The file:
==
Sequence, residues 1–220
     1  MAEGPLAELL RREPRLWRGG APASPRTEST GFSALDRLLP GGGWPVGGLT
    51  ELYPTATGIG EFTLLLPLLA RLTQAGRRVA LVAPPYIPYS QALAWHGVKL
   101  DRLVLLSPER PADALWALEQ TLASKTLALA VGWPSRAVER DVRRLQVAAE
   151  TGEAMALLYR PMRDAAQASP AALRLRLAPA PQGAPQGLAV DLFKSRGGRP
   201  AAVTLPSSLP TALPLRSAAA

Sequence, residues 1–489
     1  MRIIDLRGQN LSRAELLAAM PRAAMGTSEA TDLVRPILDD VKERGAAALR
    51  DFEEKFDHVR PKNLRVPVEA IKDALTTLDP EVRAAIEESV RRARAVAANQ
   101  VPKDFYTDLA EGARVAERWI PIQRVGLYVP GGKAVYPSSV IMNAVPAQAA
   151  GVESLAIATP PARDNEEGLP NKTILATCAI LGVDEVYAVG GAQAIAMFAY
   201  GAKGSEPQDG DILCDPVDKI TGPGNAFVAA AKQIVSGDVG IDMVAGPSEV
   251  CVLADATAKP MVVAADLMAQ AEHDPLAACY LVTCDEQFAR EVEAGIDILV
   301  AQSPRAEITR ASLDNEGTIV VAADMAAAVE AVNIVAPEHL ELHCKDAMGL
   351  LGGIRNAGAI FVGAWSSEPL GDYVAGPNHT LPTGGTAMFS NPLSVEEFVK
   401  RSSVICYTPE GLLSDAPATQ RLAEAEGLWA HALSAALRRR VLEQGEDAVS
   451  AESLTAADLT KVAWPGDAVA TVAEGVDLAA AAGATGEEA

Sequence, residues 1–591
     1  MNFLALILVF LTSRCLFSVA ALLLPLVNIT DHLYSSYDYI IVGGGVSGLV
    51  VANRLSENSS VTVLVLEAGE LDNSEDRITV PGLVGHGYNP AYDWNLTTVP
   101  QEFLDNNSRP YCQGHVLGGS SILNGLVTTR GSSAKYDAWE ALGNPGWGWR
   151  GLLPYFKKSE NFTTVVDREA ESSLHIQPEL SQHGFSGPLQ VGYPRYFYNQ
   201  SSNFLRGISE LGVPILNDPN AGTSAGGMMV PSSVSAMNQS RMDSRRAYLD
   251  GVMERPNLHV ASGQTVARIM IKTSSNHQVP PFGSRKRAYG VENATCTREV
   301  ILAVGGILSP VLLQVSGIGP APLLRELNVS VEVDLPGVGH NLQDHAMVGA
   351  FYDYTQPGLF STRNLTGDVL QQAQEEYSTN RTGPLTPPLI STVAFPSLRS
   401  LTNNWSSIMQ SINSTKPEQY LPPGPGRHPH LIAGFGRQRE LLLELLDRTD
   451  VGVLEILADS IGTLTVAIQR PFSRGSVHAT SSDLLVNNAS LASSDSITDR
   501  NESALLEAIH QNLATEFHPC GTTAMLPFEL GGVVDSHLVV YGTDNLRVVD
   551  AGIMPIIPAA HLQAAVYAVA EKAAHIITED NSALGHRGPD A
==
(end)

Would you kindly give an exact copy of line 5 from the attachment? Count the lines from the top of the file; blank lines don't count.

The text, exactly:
   151  TGEAMALLYR PMRDAAQASP AALRLRLAPA PQGAPQGLAV DLFKSRGGRP